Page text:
> The gas crisis of 2007 and 2008 added fuel (so to speak) to the legislation. Agencies in the Washington area were beginning to lose employees who were choosing to find alternative employment closer to home in the suburbs. In the fall of 2007, the Director of the GSA set a goal that by 2010, 50% of its employee base would telecommute. In 2007, only 10% of GSA employees commuted, and only 4.2% of all federal workers did. Although the recession has burst the fuel bubble for now, it is a stated policy by the Obama administration to reduce energy dependence on foreign sources without increasing domestic exploration in environmentally sensitive areas. With the amount of collaborative technology available, one can expect that telecommuting could be a cornerstone initiative for fuel conservation, and the Obama administration will want to lead by example. As many as 33% of all Americans could telecommute regularly, although only 7% (Lister, Harnish 2008) do so now.
Through its Government procurement partner, Qwest (Q-NYSE), Route1 has finally secured a major reference account with U.S Federal Agencies. Although the Company does not disclose its total number of deployments to date, I estimate that the first order of approximately 30,000 units through Qwest is probably close to 5 times larger than total current deployments. And this is to fulfill an order from one section within one Department in Washington which is ordering 95,000 devices over the next three years. There are already other Departments lining up as the emphasis in Washington moves towards those themes. Apparently, employees of some Departments in Washington are personally buying Mobikeys ahead of departmental purchases.
Is Route1 out of the woods? It is very close, and Management can see daylight. There is still some cash burn to go in 2009, with little left in the tank. However, there is a clear path to earnings likely in H2 2009. And I think that there is a greater than 50% chance of some surprise upside catalysts arising out of its Qwest relationship later in 2009. The capital structure of the Company has been weakened, and Management understands that it needs to be fixed before too long.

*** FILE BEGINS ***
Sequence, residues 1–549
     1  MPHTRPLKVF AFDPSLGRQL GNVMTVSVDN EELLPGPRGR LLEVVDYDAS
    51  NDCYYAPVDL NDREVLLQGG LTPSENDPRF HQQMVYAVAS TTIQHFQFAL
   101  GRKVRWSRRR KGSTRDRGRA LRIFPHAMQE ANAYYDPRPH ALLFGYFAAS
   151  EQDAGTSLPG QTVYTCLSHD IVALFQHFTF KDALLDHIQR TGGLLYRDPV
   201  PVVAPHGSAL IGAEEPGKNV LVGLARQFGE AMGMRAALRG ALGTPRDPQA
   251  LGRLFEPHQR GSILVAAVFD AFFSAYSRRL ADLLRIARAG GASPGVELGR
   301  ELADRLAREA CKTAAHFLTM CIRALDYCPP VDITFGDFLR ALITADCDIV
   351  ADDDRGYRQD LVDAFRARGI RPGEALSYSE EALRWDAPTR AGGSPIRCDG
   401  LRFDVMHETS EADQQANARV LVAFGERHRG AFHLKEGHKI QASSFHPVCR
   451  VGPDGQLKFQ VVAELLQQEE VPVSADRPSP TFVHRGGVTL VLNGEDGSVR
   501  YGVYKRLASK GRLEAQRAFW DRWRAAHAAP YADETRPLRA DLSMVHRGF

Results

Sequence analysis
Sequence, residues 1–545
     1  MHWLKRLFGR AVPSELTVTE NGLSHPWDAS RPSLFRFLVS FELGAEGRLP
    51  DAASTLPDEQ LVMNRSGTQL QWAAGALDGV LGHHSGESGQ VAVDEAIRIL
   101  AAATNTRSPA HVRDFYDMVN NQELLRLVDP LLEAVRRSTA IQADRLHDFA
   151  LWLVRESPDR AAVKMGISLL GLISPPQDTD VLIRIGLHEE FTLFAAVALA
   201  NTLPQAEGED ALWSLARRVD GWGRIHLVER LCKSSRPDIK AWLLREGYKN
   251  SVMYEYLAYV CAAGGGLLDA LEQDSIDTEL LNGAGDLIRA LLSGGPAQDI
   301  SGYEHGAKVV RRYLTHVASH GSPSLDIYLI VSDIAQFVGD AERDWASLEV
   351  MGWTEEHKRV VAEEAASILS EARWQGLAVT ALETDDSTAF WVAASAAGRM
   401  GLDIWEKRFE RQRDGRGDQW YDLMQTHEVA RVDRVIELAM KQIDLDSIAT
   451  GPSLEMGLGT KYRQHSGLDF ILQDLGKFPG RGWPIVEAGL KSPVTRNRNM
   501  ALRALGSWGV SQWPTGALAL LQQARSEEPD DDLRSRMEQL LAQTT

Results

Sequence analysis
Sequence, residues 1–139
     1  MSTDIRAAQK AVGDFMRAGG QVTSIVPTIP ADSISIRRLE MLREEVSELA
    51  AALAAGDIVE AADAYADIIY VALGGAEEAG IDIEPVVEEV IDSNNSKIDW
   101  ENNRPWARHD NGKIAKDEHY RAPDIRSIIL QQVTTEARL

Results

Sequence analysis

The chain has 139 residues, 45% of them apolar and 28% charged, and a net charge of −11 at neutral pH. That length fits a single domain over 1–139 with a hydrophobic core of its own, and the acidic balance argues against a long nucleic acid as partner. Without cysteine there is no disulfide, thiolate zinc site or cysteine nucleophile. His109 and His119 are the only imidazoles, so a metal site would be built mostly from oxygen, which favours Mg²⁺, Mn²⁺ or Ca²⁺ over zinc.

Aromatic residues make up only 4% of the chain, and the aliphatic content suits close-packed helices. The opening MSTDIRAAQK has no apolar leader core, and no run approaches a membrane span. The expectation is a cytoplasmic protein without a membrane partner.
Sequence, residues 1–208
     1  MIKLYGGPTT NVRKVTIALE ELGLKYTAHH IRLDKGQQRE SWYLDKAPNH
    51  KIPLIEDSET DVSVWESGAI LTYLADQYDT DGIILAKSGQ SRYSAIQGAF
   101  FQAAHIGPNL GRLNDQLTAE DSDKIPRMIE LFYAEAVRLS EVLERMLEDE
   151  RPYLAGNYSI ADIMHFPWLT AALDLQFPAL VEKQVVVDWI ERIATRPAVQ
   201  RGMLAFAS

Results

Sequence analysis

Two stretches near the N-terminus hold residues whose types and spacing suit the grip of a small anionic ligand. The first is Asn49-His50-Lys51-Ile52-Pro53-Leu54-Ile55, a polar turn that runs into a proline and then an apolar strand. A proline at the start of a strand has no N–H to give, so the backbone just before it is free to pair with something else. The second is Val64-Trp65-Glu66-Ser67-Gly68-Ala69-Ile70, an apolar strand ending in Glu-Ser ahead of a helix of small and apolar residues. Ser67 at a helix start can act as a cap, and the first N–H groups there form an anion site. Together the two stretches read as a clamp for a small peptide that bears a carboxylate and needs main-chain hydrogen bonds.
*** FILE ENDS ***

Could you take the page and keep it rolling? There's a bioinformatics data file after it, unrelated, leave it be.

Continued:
Management is scarred and toughened by its past challenges. It has had fits and starts in sales and marketing and has changed courses many times with limited success. In the end, the U.S. Government found Route1 through a Google search, not due to intrepid sales capabilities by Route1. However, going forward, the Company has designed a really solid recurring revenue stream model based on monthly subscriptions, and has leveraged its relationship with Qwest to maximize margins. Recurring gross margins could be as high as 90%.
The Company has been busy forming reseller relationships with others, and has had some success with other foreign governments. It is likely that Management will try to repeat the Qwest model within the European Union.
Underlying the Company's positive outlook is its unique technology. Notwithstanding the Mobikey form, the fundamentals of the technology are software driven. This opens up the possibilities for many new forms including mobile devices, home routers, and wireless routers. With Mobikey technology, bandwidth utilization could be made multiples more efficient. Content producers could truly control distribution. And, even more interesting, combined with server virtualization, Route1's desktop virtualization could help to revolutionize the efficiency and security of cloud computing. The underlying Mobikey and Mobinet software could be a very important technology as network infrastructure evolves. The early investors in this Company could find themselves rewarded for patience as the technology takes off over the next 3 to 5 years.
I do not own shares in Route1 nor do I receive compensation in any way from the Company, although I do own a Mobikey.